Saturday, 31 January 2015

Football - A Man's Game?

I haven't had the urge (or time) to do a blog in a little while, but this week something stirred me to such an extent, I had to get my opinion down in writing.

And that subject was the faux anger at Diego Costa's 'stamp(s)' in the League Cup semi final on Tuesday.
Firstly, there is no way of knowing for certain that he did either on purpose, in which case I don't truly understand how he can be punished? I'd be inclined to think that he meant the first, albeit he did well to be so precise given that he was looking in the other direction.
Secondly, it was hardly a 'stamp'! At worst he trod on him. I don't believe it would have even hurt at all, particularly during such an adrenaline fueled match. The furor that followed, and Brendan Rodgers reaction to the incident, suggested that he'd snapped Can's leg in half. Why must everything that happens in modern life be amplified to such an extent?
Thirdly, so what if he did mean it? It wasn't the most vicious thing anyone has ever done, and quite frankly, man up.

In the aftermath I've seen many people calling for a lengthy a ban and proclaiming Costa some sort of pariah (even comparisons with Suarez, who let's not forget bit an opponent on three separate occasions).
I'd argue that not only is it harsh to ban him given it can't be proven, but we could do with more players like Costa about.
Modern football is very much a game for pampered pussies. As soon as someone puts it about a bit, the majority cry like little kids. It's all so biege.
We've become used to watching boring (but admittedly technically fantastic) sides like Barcelona and Spain pass the ball to death with no penetration. Give me the cut and thrust of Bayern (pre Pep) or the directness of Madrid, with Pepe and Ramos kicking lumps out of the opposition any time.
Last year we saw Atletico (of course containing Costa) lauded for their fantastic achievements, but anyone who watched them can't have failed to notice their ability to push the boundaries of what was acceptable. Their game indeed personified by their street fighter of a coach, Diego Someone, a thoroughly dislikeable man, but a born winner.
Nice guys don't finish first. Winners will do whatever it takes (within reason of course), and quite right too.

The best and most entertaining players play close to the edge and blur the lines.
Two of the Premier League most decorated and appreciated midfielders, Patrick Vieira and Roy Keane (not to mention Paul Scholes) would completely dominate their opponents, try and wind up opposition and have sneaky digs wherever they could. And the, in my opinion, greatest player we've seen in the division, Alan Shearer, would have thought nothing of treading on an opponent, or leaving a stray boot or elbow in if he felt he could get away with it.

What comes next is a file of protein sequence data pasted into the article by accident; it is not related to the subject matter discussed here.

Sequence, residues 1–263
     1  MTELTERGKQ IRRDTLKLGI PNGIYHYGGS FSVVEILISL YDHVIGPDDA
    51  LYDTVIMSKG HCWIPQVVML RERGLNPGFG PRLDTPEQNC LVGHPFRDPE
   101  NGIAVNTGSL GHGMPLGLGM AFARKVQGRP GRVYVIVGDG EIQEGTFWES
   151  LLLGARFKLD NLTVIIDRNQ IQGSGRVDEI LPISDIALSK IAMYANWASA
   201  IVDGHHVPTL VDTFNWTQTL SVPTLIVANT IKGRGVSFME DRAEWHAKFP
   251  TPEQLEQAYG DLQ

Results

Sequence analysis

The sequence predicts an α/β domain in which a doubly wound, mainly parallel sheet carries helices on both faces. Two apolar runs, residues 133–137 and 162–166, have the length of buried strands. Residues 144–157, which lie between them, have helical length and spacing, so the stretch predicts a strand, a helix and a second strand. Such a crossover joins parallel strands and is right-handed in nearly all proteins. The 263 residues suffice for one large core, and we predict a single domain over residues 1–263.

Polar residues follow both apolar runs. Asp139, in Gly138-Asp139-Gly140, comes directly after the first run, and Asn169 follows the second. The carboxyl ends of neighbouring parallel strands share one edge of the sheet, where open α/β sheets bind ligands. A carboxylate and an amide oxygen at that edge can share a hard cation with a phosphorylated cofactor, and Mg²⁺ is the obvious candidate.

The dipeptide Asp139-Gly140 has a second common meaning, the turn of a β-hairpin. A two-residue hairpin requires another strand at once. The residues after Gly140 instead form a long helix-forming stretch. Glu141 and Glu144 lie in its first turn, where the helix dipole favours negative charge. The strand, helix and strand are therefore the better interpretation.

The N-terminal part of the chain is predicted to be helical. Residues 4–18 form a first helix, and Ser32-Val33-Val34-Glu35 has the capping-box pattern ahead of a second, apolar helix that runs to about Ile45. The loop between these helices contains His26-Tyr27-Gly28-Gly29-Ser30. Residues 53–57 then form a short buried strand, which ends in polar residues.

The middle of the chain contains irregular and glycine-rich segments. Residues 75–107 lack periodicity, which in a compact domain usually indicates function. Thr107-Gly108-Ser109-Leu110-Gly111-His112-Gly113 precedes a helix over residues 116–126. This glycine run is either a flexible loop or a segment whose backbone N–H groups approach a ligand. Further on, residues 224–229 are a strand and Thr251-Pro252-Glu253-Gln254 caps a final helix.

Interestingly I've seen quite a few ex players come to his defence (including surprisingly Thierry Henry), whilst 'top' journalists bay for blood. This comes as no surprise, as we see a little sense from those who know the game best, and what it takes to win, whilst those on the outside attempt to stir up publicity to make sales/increase internet hits.
Certainly the best article I read was Gary Neville in the Telegraph (read here: ), and I genuinely couldn't agree with him any more.
Indeed his brother got into hot water this week for saying that he'd have 'smashed' an opponent if they were having a great game. Sorry, but what is so bad about this?! Honestly, get a grip everyone. Footballer kicks another footballer to stop him playing so well. Well, hold the front page!!
If only we'd have had such individuals playing for England in that ill fated loss to Uruguay at the World Cup last summer. One individual, the aforementioned Suarez ripped us apart single handedly. Surely anyone with any sense could have seen that as he returned from a knee injury, an early reducer would have been the obvious way to go. But no, everyone is just too nice.
There's no place for niceties once you cross that line. I'm not advocating killing anyone, simply saying that the best players will do what's required to win.

Look at teams like Arsenal (and Spurs too) - they will never win the Premier League whilst they are such a push over. Their players are scared of certain opposition, and games can be won against them before the first whistle is even blown.

And don't give me anything about footballers being role models. If your child's role model is a thick millionaire footballer with likely dubious morals, maybe you ought to look elsewhere for someone to blame?

Why must we all be so sensitive and continually offended by everything? It's a man's game, stop acting like little kids.

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